Hide

Error message here!

Lost your password? Please enter your email address. You will receive a link to create a new password.

Error message here!

Back to log-in

Close

Muscle Loss with Aging

We know how important it is to manage and control our body weight to remain at the recommended weight for our health. But did you know that if you’re a sedentary adult who weighed the same today compared to 10 years ago, could actually mean that you’ve gained fat mass? Physically inactive people can lose as much as 3% to 5% of their muscle mass each decade after the age 30. Even if you are active, you’ll still have some muscle loss. As a result, if your weight has remained the same for the past 10 years especially when you’re not physically active, you’ve probably lost muscle mass and gained fat mass instead. This progressive loss of muscle mass is called sarcopenia.

We know how important it is to manage and control our body weight to remain at the recommended weight for our health. But did you know that if you’re a sedentary adult who weighed the same today compared to 10 years ago, could actually mean that you’ve gained fat mass? Physically inactive people can lose as much as 3% to 5% of their muscle mass each decade after the age 30. Even if you are active, you’ll still have some muscle loss. As a result, if your weight has remained the same for the past 10 years especially when you’re not physically active, you’ve probably lost muscle mass and gained fat mass instead. This progressive loss of muscle mass is called sarcopenia.

Sarcopenia is a progressive and generalized skeletal muscle disorder that is associated with increased likelihood of adverse outcomes including falls, fractures, physical disability and mortality. Sarcopenia increases risk of falls and fractures; impairs ability to perform activities of daily living; is associated with cardiac and respiratory disease and cognitive impairment. It also leads to mobility disorders; and contributes to lowered quality of life, loss of independence or need for long-term care placement.

Other causes of sarcopenia.

As well as aging, other risk factors such as lifestyle behavior, malnutrition, diseases and preexisting/past injuries can also lead to muscle loss.

Source: Age Ageing. 2019 Jan; 48(1): 16–31

Measuring or testing for sarcopenia.

Measuring muscle mass may require the use of state-of-the-art machine such as MRI to accurately measure and calculate muscle mass. The process may be tedious and can be inaccessible for the general population. Fortunately, there are some simple and practical ways to help determine if someone is at risk of sarcopenia.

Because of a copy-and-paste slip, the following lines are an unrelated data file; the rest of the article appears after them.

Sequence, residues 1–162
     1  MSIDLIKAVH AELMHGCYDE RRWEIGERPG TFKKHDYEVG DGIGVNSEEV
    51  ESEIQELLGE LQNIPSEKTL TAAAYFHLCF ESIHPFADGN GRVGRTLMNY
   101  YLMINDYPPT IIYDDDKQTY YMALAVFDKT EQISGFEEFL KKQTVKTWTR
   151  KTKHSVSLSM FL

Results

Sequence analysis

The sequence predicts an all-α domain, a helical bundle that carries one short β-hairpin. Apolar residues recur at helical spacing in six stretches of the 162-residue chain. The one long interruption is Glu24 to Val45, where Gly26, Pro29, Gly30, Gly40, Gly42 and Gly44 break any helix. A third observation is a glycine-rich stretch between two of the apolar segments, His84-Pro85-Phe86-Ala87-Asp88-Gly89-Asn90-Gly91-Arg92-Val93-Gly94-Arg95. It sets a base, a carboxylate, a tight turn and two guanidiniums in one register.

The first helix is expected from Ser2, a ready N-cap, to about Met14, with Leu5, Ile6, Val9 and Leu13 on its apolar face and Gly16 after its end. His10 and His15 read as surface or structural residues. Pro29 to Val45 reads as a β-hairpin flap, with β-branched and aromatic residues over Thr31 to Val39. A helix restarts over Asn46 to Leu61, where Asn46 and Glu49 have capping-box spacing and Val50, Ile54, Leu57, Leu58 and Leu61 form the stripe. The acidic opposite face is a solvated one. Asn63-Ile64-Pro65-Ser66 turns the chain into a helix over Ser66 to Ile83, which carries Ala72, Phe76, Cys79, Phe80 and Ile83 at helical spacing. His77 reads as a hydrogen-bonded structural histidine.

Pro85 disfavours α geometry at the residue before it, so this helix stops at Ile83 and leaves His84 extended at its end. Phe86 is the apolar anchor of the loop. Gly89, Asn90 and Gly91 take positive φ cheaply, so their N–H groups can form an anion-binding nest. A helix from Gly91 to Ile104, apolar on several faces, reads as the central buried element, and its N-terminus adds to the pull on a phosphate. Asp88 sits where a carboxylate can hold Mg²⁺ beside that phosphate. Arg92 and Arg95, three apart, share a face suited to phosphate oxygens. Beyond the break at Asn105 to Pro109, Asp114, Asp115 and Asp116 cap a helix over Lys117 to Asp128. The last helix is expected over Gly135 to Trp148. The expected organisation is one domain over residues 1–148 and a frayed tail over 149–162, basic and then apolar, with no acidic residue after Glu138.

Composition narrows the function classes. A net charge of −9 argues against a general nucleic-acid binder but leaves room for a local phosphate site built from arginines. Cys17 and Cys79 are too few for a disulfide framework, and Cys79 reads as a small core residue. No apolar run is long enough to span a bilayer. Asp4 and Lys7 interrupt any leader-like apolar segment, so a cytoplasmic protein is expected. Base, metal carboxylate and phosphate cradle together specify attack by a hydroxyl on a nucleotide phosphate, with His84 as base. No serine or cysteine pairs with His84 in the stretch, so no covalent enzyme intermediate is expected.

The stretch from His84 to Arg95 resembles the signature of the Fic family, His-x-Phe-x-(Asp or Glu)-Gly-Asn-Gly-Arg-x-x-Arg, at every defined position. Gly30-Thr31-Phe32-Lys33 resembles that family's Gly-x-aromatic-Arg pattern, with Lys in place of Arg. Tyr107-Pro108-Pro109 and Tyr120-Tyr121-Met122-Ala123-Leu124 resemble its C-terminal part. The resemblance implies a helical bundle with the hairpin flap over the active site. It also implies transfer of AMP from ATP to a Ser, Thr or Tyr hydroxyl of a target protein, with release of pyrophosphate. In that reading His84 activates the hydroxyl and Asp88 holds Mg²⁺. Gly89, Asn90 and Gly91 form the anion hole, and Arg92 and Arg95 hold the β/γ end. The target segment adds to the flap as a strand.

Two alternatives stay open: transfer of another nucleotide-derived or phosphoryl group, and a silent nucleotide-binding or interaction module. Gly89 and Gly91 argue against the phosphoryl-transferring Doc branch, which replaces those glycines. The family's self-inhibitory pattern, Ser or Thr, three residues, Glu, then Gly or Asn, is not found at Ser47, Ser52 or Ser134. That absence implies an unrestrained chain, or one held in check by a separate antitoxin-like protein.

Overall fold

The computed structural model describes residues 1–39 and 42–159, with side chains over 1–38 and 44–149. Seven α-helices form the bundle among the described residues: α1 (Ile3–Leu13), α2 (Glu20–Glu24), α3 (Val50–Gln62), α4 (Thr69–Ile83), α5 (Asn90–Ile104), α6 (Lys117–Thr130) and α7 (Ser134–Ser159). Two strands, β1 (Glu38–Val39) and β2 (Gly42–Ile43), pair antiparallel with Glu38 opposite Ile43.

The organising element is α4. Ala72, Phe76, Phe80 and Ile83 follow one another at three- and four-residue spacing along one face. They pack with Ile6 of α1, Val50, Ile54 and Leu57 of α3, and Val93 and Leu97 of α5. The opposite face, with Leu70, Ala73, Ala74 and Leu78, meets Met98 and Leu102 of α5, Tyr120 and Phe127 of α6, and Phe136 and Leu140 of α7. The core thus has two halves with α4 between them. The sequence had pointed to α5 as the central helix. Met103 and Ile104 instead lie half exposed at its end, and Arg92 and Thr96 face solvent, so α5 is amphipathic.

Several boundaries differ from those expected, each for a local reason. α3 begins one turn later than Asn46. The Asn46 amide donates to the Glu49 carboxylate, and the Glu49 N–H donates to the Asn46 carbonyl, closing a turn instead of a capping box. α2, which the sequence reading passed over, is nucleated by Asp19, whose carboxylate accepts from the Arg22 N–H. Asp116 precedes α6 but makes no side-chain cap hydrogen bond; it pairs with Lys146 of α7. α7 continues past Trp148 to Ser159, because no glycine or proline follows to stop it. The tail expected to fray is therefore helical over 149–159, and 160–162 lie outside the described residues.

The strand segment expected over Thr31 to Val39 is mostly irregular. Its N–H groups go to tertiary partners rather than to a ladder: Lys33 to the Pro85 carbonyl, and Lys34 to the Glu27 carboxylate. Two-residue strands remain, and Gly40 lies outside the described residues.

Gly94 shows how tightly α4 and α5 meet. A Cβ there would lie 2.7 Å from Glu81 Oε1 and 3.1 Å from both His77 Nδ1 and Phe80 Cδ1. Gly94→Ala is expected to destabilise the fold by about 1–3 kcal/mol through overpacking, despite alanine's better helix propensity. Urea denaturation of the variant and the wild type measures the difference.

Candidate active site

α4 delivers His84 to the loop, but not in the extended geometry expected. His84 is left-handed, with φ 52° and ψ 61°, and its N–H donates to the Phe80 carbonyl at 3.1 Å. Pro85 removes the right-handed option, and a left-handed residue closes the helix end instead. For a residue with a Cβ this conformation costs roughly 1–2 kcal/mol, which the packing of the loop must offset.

Looking for symptoms.

The simplest way to establish the possibility of sarcopenia is by asking the person to report signs or symptoms of sarcopenia such as falling, feeling weak, slow walking speed, difficulty rising from a chair, trouble lifting weights, weight loss or the appearance of muscle wasting.

Muscle strength test

Measuring grip strength is simple and inexpensive. Low grip strength is a powerful predictor of poor outcomes such as, increased functional limitations, poor health-related quality of life and death. Accurate measurement of grip strength requires use of a calibrated handheld dynamometer under well-defined test conditions with interpretive data from appropriate reference populations.

The chair stand test (also called chair rise test) can be used as a proxy for strength of leg muscles (quadriceps muscle group). The chair stand test measures the amount of time needed for a person to rise five times from a seated position without using his or her arms. The timed chair stand test is a variation that counts how many times he or she can rise and sit in the chair over a 30-second interval. 

Measuring muscle quantity

Muscle quantity can be reported as total body Skeletal Muscle Mass. Bioelectrical impedance analysis (BIA) is commonly used in a clinical setting and at fitness centers for estimation of total muscle mass. A BIA device is a special scale which is simple and convenient to use. BIA does not measure muscle mass directly, but derives an estimate of muscle mass based on whole-body electrical conductivity. 

Measuring Gait Speed